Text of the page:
A third situation is possible . The formula for computing random addresses from the form of each occurrence will not give a distinct address for each distinct form . Thus , when more than one distinct form leads to a particular cell in the X-region , a chain of information cells must be created to accommodate the forms , one cell in the chain for each form . If Af leads to an address Af that is equal to the address computed from Af , even though Af does not match Af , the chain of information cells is extended from Af by storing the address of the next available cell in the Y-region , Af , in Af . The cell Af becomes the second information cell in the chain and is assigned as the information cell of Af . A third cell can be added by storing the address of another Y-cell in Af ; ; similarly , as many cells are added as are required . Each information cell in the chain contains the address of the Y-cell where the form to which it is assigned is stored . Each cell except the last in the chain also contains the address of the Y-cell that is the next element of the chain ; ; the absence of such a link in the last cell indicates the end of the chain . Hence , when the address Af is computed from Af , the cell Af and all Y-cells in its chain must be inspected to determine whether Af is already in the form list or whether it should be added to the form list and the chain . When the information cell for Af has been determined , it is saved as a representation of Af . Text reading continues with the next occurrence .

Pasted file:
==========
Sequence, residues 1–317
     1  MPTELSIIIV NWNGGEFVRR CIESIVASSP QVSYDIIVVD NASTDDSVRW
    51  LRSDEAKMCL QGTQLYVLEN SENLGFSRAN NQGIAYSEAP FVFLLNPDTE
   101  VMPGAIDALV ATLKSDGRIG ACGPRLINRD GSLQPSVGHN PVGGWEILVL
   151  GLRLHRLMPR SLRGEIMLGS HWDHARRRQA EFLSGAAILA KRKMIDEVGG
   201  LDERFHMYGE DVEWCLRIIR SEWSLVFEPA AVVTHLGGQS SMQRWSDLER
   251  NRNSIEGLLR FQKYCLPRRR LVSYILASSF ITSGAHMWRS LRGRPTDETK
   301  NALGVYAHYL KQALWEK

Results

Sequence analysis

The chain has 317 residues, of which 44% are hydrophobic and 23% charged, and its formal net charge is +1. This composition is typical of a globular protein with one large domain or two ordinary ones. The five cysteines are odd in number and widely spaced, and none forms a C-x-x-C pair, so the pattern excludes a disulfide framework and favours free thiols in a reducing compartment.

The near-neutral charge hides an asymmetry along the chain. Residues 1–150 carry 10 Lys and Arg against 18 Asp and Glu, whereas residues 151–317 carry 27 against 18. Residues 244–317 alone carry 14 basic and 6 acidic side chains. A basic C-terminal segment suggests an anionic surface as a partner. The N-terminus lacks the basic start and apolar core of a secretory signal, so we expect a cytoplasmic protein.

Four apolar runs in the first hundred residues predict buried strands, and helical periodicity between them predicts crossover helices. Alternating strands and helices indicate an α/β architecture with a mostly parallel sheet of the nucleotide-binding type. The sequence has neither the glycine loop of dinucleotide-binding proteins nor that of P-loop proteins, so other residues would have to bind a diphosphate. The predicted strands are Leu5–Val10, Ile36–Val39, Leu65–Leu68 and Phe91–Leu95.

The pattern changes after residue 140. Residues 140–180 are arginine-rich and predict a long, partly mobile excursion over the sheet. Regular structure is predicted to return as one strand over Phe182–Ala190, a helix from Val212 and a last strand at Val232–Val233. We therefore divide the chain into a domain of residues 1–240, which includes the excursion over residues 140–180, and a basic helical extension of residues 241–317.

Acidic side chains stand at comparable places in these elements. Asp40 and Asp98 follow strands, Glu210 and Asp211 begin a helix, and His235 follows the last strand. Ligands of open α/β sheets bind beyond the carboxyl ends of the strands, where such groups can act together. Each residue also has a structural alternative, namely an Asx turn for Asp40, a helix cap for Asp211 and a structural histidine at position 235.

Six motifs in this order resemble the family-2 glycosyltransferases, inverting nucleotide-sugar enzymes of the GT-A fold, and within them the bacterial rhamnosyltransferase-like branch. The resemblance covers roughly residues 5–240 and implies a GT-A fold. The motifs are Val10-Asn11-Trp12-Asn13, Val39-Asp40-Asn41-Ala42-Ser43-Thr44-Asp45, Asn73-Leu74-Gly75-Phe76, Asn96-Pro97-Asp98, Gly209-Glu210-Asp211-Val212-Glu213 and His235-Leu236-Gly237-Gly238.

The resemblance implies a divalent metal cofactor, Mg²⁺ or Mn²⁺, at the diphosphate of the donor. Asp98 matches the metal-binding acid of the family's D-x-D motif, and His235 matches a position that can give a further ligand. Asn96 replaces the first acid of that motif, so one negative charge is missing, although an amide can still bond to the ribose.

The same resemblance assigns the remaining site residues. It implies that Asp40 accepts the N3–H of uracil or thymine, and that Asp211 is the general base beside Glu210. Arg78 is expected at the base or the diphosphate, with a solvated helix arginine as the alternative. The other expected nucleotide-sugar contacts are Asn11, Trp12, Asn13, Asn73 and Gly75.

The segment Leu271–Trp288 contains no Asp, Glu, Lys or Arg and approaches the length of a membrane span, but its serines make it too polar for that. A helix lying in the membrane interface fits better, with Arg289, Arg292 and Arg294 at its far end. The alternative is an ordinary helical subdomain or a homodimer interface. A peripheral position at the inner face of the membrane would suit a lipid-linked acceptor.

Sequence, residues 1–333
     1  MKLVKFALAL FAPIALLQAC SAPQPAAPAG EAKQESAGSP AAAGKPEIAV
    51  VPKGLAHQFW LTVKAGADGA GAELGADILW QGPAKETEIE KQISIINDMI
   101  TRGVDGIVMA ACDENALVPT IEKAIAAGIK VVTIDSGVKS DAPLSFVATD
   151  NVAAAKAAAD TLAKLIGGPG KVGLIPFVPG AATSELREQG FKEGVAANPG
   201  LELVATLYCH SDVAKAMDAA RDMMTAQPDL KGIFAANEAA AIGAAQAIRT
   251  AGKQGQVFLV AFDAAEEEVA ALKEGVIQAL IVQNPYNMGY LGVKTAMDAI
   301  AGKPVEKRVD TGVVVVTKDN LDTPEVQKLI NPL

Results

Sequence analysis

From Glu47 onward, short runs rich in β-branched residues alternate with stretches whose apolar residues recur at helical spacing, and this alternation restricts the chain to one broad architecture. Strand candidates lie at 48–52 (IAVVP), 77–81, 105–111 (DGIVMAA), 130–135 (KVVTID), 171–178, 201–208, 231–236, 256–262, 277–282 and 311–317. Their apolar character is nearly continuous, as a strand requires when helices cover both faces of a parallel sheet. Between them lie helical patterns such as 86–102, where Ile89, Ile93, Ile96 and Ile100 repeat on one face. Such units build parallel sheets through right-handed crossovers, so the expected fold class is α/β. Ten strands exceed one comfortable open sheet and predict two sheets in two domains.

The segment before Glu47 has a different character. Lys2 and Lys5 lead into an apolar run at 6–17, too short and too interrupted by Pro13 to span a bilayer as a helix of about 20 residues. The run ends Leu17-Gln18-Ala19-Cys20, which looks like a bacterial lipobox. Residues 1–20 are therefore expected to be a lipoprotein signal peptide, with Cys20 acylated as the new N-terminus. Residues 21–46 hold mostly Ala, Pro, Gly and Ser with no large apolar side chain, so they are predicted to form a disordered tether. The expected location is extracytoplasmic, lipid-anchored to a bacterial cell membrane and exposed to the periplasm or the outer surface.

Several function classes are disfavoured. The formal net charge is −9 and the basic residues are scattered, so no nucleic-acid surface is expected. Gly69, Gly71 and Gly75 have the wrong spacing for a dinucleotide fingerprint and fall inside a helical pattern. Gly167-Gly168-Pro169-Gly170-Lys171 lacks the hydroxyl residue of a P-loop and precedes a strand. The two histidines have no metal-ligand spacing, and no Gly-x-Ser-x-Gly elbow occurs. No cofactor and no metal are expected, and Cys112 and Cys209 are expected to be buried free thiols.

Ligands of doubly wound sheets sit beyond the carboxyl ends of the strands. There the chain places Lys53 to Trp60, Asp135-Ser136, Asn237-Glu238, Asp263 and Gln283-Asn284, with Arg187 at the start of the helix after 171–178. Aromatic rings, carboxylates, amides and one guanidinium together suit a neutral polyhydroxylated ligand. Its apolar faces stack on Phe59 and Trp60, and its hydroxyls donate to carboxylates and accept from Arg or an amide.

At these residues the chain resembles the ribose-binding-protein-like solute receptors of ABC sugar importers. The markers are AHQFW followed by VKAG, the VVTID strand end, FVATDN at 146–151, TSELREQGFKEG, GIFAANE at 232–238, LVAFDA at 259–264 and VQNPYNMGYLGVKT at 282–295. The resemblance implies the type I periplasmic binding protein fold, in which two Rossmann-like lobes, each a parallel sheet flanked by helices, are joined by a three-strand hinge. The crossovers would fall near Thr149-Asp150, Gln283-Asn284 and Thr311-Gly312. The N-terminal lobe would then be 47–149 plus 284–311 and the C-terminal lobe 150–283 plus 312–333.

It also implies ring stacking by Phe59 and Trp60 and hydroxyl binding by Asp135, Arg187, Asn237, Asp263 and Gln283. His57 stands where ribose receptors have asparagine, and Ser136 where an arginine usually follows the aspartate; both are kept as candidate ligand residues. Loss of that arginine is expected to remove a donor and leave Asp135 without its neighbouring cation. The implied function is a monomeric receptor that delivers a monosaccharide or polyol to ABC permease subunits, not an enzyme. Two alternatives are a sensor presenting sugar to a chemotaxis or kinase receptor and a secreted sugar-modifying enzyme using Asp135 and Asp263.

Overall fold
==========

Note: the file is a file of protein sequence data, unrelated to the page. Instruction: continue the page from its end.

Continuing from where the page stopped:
Text reading is terminated when a pre-determined number of forms have been stored in the text-form list . This initiates the second step of glossary lookup -- connecting the information cell of forms in the text-form list to dictionary forms . Each form represented by the dictionary is looked up in the text-form list . Each time a dictionary form matches a text form , the information cell of the matching text form is saved . The number of dictionary forms skipped since the last one matched is also saved . These two pieces of information for each dictionary form that is matched by a text form constitute the table of dictionary usage . If each text form is marked when matched with a dictionary form , the text forms not contained in the dictionary can be identified when all dictionary forms have been read . The appropriate action for handling these forms can be taken at that time .